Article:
Jorina van Rensburg | April 04, 2018

How Honest Employees Become Criminals

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Jorina van Rensburg, Managing Director at Condyn, shares her insight into how to keep the people who drive your business on the right side of the road.

We have been working on the development of corporate systems to prevent information leakage – DLP (Data Loss Prevention) – for more than 12 years, and we have found that incidents in information security can occur due to the fault of the most respectable employees. This is not because employees are willing to make some extra money illegally, to take revenge on someone, or to access their employer’s client base to start their own business. The reasons why they fall prey to data breach and further suspicion of malicious intent are the neglect of information security rules, excessive trust in colleagues’ integrity and mere recklessness.

According to the Intel Security study, more than half of information leaks take place due to outsider attacks, while 43% of troubles are caused by the employees. Moreover, intruders usually look for information about clients (34%), while employees get responsible for leaking data about their colleagues, and less often is it about exposing their client base (25%). Statistics show that insider info loss happens unintentionally more often than not.

The motives of employees who leak confidential data deliberately are understandable – revenge or profit. When it comes to respectable employees, however, it turns out to be more complicated. Having analyzed the incidents, we came to the conclusion that all “good” employees, who cause trouble, can be divided into three groups.

1-Innocent victims

This group includes unsuspecting employees who are intentionally framed by one of their colleagues.

Information security specialists helped one of our clients to discover important documents stored locally on a disk by one of the employees who wasn’t allowed to access them. This was a serious violation of internal regulations which required urgent investigation. The employee’s computer appeared to have some software installed for remote control access which he simply didn’t need on his work. The investigation revealed that the employee who was suspected of violations had no clue about the files stored on his computer. The actual culprit was a technical specialist who used the employees computer as a temporary network storage before transferring confidential data to a third party.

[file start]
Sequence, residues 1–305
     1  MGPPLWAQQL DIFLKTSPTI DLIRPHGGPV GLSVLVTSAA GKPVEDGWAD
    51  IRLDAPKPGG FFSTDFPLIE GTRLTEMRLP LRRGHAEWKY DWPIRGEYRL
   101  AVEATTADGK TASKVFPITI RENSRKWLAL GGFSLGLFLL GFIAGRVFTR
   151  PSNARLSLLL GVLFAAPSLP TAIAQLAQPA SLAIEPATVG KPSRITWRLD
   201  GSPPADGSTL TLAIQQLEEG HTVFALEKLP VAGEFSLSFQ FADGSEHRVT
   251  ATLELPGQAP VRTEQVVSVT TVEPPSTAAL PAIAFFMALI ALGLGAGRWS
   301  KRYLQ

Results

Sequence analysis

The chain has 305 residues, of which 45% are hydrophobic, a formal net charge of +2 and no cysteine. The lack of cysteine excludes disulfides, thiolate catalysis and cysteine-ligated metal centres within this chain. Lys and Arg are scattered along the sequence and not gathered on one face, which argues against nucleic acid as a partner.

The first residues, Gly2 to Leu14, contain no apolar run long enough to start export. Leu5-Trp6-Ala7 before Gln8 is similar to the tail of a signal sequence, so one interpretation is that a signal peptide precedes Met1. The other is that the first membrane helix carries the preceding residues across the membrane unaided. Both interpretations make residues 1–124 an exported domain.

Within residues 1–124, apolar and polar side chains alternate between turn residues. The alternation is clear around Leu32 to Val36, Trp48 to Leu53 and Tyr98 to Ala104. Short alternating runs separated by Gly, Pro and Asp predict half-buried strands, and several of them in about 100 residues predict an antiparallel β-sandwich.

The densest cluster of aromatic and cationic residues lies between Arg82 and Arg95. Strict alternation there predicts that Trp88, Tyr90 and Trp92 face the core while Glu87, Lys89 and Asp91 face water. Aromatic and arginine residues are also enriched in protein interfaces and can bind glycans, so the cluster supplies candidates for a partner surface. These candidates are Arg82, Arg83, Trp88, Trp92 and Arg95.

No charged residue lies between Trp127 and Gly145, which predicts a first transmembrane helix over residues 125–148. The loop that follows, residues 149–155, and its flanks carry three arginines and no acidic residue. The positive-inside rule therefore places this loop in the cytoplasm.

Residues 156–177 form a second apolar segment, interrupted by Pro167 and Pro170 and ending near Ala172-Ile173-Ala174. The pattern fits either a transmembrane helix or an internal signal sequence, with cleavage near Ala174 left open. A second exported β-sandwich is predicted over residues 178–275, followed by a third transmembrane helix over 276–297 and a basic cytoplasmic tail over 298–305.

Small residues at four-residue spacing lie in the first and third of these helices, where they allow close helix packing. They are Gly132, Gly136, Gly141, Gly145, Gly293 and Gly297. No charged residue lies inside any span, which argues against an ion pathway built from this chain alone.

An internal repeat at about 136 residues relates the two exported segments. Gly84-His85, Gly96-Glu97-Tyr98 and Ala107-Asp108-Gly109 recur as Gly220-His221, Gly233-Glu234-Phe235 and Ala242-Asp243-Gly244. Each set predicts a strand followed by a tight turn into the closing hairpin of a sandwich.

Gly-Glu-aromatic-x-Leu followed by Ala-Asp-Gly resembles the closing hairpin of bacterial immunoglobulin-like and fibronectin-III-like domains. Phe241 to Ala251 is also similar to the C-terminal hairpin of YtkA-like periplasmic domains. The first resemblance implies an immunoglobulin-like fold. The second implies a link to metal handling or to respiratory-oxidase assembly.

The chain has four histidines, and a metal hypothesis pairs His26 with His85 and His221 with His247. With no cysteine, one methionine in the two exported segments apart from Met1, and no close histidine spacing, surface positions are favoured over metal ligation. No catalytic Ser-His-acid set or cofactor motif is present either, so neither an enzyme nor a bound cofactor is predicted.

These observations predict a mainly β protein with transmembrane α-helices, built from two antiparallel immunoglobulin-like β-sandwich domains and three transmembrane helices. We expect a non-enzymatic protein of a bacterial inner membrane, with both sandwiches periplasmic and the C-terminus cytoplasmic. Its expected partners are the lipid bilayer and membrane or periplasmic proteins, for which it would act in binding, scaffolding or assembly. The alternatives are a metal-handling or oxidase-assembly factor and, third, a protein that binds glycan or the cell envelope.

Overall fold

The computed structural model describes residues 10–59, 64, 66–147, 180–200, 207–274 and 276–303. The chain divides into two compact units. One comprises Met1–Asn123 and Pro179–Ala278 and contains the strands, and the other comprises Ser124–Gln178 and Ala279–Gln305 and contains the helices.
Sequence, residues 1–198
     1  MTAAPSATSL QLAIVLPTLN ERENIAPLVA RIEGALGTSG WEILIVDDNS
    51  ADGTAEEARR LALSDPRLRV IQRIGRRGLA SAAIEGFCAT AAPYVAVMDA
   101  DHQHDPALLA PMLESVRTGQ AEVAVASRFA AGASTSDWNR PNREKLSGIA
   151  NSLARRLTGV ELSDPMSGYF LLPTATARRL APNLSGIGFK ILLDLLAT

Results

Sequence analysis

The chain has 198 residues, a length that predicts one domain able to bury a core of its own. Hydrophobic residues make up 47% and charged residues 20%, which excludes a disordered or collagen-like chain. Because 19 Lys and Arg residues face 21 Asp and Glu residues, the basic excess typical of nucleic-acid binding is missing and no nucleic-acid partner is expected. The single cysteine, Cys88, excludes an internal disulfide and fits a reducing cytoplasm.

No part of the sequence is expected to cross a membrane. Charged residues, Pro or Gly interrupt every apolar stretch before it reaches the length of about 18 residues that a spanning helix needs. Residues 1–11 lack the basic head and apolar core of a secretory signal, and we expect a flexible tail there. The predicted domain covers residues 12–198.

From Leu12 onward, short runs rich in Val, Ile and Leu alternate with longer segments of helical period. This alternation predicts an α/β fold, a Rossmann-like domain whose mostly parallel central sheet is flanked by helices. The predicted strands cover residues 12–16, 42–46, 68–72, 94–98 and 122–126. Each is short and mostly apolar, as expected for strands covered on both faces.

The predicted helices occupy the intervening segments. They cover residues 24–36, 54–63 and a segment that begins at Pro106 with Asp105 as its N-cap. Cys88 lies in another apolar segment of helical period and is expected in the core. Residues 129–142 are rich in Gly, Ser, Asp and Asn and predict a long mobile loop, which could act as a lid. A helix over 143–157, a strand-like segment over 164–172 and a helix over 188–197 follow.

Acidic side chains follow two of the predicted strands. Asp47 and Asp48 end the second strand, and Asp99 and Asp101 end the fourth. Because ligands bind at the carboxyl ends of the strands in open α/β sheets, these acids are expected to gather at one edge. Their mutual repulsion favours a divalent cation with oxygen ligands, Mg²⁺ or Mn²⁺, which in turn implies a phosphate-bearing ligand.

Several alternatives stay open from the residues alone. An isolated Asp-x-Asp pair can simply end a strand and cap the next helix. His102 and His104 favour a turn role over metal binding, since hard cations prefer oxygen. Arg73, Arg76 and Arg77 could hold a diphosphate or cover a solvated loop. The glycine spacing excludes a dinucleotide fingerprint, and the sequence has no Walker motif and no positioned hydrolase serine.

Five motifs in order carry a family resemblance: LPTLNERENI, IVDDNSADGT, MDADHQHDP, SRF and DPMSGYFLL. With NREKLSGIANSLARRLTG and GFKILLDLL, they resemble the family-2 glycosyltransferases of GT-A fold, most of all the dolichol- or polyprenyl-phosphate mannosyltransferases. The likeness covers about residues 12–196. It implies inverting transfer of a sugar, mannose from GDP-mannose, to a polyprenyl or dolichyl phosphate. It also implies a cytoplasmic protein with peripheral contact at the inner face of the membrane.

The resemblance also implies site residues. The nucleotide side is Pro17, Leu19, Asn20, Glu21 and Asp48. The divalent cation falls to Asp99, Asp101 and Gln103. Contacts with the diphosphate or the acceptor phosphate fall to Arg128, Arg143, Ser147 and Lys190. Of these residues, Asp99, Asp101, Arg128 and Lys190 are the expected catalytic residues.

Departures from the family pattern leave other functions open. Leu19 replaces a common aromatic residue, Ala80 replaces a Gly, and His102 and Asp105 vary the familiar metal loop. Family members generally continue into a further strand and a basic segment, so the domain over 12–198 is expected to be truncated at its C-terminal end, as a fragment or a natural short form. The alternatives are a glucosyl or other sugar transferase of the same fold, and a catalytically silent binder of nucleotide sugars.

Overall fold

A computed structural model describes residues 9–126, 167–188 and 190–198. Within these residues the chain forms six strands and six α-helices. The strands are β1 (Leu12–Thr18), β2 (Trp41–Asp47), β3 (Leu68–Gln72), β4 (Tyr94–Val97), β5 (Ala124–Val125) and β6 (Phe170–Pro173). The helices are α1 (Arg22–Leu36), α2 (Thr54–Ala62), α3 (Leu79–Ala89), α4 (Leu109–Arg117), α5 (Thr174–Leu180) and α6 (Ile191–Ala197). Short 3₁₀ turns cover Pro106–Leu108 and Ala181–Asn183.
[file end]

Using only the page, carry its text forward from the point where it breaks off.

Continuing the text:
2-Happy-go-lucky

The group of employees who become the perpetrators of leaks due to negligence, ignorance or naivety.

44,000 customers of Federal Deposit Insurance Corp. (FDIC) became victims of personal information leakage due to the technical incompetence of the company’s employee who uploaded confidential data to a personal flash drive. Later it turned out that the information wasn’t used outside the organization, however, with the help of special software FDIC was able to track the uploading of corporate information.

According to the Wombat Security 2017 State of the Phish Report, 28% of the employed UK population and 35% of the employed in USA do not know what “phishing” is. In January 2017, a leak of personal data of 4 000 employees happened due to the fault of the colleagues who followed the link with the requirement to fill in the necessary tax forms. The letter which was sent on behalf of the CEO, appeared to be a phishing bait.

3-Skeletons in the closet

Such employees are harmless until something provokes them. Their personal lives hide some “hook” which attackers might want to benefit from. It can be anything from debts, drugs or alcohol addiction to adultery or other private details. Information security specialists put such employees in the risk group, because criminals can use their secrets in order to blackmail members of staff.